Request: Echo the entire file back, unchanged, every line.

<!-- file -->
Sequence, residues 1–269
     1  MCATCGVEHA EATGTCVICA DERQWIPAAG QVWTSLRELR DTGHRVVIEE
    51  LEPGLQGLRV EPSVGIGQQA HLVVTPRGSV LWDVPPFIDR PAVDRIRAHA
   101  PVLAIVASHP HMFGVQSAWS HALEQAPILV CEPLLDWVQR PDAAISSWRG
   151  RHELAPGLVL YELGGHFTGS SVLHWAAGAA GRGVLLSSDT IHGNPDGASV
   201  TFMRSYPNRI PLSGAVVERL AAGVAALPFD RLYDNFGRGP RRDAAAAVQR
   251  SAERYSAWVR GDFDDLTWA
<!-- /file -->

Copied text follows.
Sequence, residues 1–269
     1  MCATCGVEHA EATGTCVICA DERQWIPAAG QVWTSLRELR DTGHRVVIEE
    51  LEPGLQGLRV EPSVGIGQQA HLVVTPRGSV LWDVPPFIDR PAVDRIRAHA
   101  PVLAIVASHP HMFGVQSAWS HALEQAPILV CEPLLDWVQR PDAAISSWRG
   151  RHELAPGLVL YELGGHFTGS SVLHWAAGAA GRGVLLSSDT IHGNPDGASV
   201  TFMRSYPNRI PLSGAVVERL AAGVAALPFD RLYDNFGRGP RRDAAAAVQR
   251  SAERYSAWVR GDFDDLTWA